After dinner, we would sing Christmas carols. Our father was a great singer of Polish Christmas carols. He and Uncle John usually led the singing. Dad had a small, thick, green book with all of the Polish kolendy (Christmas carols) in them. Dad knew the lyrics and the melodies by heart. I always wondered where he learned them. Babcia, with her high voice, would sing with the uncles. Her voice was such a contrast with the low voices of dad and Uncle John. If dad and the uncles had enough Christmas "spirit”, they would go outside and serenade the neighbors with carols.

While we were singing, a couple of the uncles would disappear and rustling sounds could be heard above us. All of a sudden, a ringing bell could be heard outside. The little kids all knew what that meant--Santa Claus was here! Those rustling sounds must have been reindeer on the roof!

Santa always had bags and bags of presents. One of the kids was chosen to help Santa distribute gifts. More bags of gifts appeared from the back of the kitchen. There were toys galore. I think each aunt and uncle would try to outdo each other giving gifts. You knew childhood was over when, instead of toys or games, you received clothes as your Christmas gift! Babci always gave us three silver dollars--our mother saved them for us for over forty years.

After the gifts were opened it was time for treats. I do not know why, but Aunt Sophie served us spumoni ice cream, but was always a part of Christmas. It was a rich Italian ice cream with almond flavoring and pistachio nuts and candied fruit. We ate it along with poppy seed and nut filled coffeecake. Aunt Hattie would make pastries called chrusciki. We called them angel wings. They were as light as a feather!

We almost never made it to Midnight Mass. I do not know how we ever made it home. We must have been re-bundled up, the presents loaded, treats for Christmas Day wrapped up, and all of us finally on our way home in one of Dad's Desoto’s.

Mom and Dad took care of everything--it a very big chore for them with five children, as they still had to play "Santa" for us at our house on Christmas morning! It was only the start of a hectic season of visiting family and friends and, in turn, having friends and family at our house.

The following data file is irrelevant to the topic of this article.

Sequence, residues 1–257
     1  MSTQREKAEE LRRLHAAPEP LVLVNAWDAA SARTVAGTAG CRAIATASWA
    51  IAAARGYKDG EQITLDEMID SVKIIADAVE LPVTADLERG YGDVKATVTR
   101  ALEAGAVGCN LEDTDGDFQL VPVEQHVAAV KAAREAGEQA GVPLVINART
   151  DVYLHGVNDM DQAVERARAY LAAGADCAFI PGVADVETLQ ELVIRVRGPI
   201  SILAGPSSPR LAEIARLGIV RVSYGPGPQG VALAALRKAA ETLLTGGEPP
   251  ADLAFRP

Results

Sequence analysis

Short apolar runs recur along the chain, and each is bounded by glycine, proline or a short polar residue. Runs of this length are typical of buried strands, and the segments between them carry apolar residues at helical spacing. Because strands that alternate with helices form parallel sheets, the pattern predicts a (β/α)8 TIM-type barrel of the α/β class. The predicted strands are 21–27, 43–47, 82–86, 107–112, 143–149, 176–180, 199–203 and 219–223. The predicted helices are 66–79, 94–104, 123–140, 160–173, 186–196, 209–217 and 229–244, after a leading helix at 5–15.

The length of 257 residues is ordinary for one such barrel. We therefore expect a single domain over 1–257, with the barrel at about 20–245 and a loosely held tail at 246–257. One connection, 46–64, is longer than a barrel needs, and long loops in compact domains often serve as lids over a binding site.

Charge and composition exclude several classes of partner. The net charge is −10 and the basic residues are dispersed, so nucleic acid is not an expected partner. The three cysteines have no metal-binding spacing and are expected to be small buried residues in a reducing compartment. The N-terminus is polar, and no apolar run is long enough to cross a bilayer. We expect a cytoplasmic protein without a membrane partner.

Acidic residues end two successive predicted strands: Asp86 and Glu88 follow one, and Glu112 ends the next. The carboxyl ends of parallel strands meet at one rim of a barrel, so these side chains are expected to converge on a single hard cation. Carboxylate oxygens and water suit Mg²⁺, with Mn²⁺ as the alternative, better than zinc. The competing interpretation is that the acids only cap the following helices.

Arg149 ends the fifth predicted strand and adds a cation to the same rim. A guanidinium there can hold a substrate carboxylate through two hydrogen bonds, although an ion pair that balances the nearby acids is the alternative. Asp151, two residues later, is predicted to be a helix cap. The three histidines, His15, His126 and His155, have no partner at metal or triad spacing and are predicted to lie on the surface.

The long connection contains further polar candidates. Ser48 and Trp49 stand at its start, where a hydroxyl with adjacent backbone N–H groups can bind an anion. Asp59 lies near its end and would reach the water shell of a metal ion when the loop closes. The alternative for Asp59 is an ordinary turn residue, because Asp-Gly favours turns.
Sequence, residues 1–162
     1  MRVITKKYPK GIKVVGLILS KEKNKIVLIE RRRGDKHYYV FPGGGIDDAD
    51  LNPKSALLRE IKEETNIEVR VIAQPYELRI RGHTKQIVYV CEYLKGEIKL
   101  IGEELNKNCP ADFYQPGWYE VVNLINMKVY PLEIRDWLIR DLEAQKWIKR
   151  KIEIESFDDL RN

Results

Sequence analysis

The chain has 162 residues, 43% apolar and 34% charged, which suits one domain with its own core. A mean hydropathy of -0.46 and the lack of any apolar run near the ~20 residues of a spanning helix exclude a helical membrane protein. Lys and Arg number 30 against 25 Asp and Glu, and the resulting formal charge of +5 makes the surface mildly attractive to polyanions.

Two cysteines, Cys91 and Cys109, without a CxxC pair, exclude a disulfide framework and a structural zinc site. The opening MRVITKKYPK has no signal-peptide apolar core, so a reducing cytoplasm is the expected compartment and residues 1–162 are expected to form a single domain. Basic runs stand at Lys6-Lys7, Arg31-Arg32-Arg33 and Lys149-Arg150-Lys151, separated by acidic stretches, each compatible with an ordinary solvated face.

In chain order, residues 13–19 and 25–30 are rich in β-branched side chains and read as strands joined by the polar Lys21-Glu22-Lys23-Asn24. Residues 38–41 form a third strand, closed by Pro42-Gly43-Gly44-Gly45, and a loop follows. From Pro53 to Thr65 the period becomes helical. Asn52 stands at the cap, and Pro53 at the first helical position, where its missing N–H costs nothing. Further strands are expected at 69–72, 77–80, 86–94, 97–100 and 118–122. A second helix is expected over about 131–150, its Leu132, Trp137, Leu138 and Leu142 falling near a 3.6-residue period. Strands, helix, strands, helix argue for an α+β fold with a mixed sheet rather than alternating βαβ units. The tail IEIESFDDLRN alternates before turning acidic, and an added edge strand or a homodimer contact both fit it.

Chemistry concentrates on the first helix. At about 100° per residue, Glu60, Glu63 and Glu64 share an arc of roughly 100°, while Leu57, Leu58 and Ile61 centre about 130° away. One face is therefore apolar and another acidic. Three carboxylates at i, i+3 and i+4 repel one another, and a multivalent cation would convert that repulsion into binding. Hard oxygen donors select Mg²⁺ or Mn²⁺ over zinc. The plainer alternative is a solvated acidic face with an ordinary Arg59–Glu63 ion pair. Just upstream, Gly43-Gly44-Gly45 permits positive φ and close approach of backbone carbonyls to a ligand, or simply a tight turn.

These are my memories. There are other memories of Christmas, but this is what I leave to my brother and sisters, nieces and nephews, their children, and my friends. It is a memory of a simpler time, when grievances were forgotten, and wishes were exchanged--for a better year, a better life. It was an acknowledgment that, after all, we were family--and family was important!

Thursday, April 1, 2010

About me

I grew up in the glory years of Detroit and its surrounding area of southeastern Michigan. World War II was in the past, and the boom times were in full gear. I was born in 1950, on a farm, part of an 80 acre plot my father's mother and stepmother, my grandparents, acquired after working in the factories in Detroit. We lived on two acres of the plot where my father built a solid two-story red brick house in mock-Tudor style, with a detached garage, also of red brick. In a small farming community of mostly wood clapboard farmhouses, our brick house stood out: It spoke of middle class and success. It was an age of anticipation, of transition; we wanted to hold on to the past, but we were looking forward to the future.

The 1950s were glory years for me and a booming Detroit. But as the decade waned, people started leaving Detroit for bigger and better things in the suburbs. The elderly and those who did not have the resources to leave Detroit were left behind. With rising unemployment and crime the city began to die. But for me the 1950s were golden years and figure large in my story.

The Polish recipes I remember reflect our origins as Polish peasants. Many of the recipes include cabbage, potatoes, mushrooms, and smoked meats. These were hearty recipes that could sustain a family through hard times. My ancestors fled Poland in the early 1900s for the promise of a better life in America. They found jobs in the autombile industry in Detroit. Then the Depression came, followed by World War II, lean and difficult times.

I was born in a lucky time. Life was good and food was plenty. My first plan for this cookbook was to include only Polish recipes that were associated with our family and for the most part it will be just that.

As I build upon the blog, however, I will also include recipes that have become favorites of mine through my world travels. As an adult I spent many ears living overseas as a teacher for the U.S. Department of Defense Dependents Schools (DoDDS) and also working for the Arabian American Oil Company in Saudi Arabia for a number of years. So many recipes from those times have become part of my own life. They are not always Polish recipes, but I have decided to include them because I continue to make them or if there is a story attached to a recipe.

To all who enjoy my contribution to the tradition of Polish recipes, embellished with my lifetime of travel, I wish you "Smacznego - Bon Appetite"!